Parents' Guide to

Dark Souls

By Chad Sapieha, Common Sense Media Reviewer

age 18+

Bloody RPG gives new meaning to hardcore game difficulty.

Game PlayStation 3, Xbox 360 2011
Dark Souls Poster Image

A Lot or a Little?

What you will—and won't—find in this game.

Community Reviews

age 13+

Based on 22 parent reviews

age 8+

PEGI 16 ARE u KIDDING ME?

The game is completly fine, I played it when I was 10 years old, and it’s not that bad, yeah, there’s non realistic blood (it seems like tomatoe) that you can turn off, there’s a bunch of weapons, and its very HARD because the thing is that you die, but you can try again, and again… and that will teach kids perserv sex/nude there’s only one with a mitologycal spider woman that her hair covers the body, so no much problem, I replayed the game and I think its fine, if your kid is asking you for buy it, go ahead, is gonna teach the kid a lot of things!!
age 14+

Masterpiece but hard AF

Violence is really mild. Should be given a T rating rather than an M rating. Thier is one boss that is a topless woman but her nipples are coverd by her hair. Thier are half naked male enemes that are frequently seen throughout the map but thier really ugly and unnatractive. Both male and female characters can be striped to loin cloth

This title has:

Too much sex

Is It Any Good?

Our review:
Parents say (22):
Kids say (28):

Games have slowly but surely been getting easier and easier. Tutorials, onscreen instructions, frequent save points, regenerating health, forgiving enemies -- these elements have gradually become the norm in most games over the last two decades. And Dark Souls has none of them. You must discover how to do everything on your own. You lose virtually all of your progress whenever you die. Health regeneration is highly limited. And, most importantly, your enemies tend to be of the fiendishly, cruelly difficult variety. Every encounter is a nail-biting slice of combat that could easily leave you dead, with all of the character-growing souls you have harvested lost -- unless you can work your way back to the place you died without dying along the way.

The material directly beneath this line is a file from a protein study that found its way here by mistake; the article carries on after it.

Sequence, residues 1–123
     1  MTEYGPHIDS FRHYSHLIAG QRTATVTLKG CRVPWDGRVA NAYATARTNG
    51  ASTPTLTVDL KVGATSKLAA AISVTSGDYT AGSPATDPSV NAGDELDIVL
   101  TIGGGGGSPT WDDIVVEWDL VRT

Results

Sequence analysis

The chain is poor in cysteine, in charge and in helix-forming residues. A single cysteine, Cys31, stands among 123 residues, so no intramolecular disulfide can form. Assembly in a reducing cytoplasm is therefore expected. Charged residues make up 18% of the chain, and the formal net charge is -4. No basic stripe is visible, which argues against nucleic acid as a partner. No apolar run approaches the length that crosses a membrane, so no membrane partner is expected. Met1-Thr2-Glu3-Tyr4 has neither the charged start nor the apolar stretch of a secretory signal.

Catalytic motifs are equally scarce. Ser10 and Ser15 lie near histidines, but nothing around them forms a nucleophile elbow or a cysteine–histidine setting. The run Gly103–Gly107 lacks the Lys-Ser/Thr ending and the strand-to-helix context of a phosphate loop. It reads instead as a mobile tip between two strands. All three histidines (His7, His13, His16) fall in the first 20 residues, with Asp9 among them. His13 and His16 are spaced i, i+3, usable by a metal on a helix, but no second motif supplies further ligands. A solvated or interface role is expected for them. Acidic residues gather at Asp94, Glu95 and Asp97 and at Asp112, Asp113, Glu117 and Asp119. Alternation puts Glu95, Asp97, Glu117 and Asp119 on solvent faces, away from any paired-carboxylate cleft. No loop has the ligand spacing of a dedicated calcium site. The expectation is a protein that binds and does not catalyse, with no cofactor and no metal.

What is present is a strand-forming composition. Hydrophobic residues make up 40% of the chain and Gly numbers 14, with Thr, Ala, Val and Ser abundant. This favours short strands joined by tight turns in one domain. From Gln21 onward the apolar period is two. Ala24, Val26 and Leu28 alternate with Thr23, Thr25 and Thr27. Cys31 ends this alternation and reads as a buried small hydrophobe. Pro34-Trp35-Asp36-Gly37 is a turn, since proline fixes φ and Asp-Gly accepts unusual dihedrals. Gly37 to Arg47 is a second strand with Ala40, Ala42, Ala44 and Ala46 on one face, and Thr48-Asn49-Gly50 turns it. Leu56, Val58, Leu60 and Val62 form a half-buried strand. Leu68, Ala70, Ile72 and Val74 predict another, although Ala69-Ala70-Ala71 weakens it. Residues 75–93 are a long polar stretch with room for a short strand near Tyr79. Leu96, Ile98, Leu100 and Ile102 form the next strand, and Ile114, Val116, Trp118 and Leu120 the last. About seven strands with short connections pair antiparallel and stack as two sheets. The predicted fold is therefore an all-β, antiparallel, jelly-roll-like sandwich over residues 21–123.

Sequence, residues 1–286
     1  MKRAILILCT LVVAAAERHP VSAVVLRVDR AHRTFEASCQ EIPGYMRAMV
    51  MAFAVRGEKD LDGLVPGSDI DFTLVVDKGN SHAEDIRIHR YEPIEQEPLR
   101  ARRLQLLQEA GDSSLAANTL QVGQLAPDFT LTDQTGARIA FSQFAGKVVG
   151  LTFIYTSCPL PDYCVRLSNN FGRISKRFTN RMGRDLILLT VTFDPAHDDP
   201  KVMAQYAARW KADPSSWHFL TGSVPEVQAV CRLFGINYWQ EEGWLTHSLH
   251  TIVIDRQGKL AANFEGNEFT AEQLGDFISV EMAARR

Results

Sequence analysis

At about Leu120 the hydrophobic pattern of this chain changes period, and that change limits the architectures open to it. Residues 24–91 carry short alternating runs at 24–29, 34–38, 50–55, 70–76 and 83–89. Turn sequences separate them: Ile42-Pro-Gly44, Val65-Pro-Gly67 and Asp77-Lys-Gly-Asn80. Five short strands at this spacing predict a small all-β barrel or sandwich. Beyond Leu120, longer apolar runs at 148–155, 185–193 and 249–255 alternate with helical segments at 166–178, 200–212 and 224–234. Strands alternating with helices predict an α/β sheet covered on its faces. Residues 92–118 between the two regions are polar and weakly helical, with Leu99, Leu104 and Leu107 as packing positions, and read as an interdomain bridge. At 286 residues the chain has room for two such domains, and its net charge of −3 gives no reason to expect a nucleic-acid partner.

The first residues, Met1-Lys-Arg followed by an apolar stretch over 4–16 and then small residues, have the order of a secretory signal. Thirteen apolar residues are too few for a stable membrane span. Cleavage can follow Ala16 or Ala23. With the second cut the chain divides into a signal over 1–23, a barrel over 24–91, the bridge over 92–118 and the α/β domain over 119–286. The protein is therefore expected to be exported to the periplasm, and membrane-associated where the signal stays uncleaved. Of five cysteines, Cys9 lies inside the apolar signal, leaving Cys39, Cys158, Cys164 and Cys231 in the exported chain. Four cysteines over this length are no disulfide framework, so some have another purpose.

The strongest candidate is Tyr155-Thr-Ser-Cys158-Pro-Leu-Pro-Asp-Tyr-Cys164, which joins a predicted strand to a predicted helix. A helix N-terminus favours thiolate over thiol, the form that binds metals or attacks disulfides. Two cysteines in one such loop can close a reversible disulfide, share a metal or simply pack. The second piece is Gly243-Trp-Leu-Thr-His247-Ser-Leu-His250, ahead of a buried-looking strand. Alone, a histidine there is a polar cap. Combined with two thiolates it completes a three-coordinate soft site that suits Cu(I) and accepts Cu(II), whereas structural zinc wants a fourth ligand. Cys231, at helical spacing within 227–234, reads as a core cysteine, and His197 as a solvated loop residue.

It's not a bad game, and it's not bad game design. This is exactly the experience Dark Souls' makers intended. They're after a segment of gamers who, in this age of player-success-served-up-on-a-platter, pine for challenge. It's bliss for those who happen to be in this group. If you're not among them, best skip this one lest you saddle yourself with the expense of replacing the TV into which you are bound to throw your controller.

Game Details

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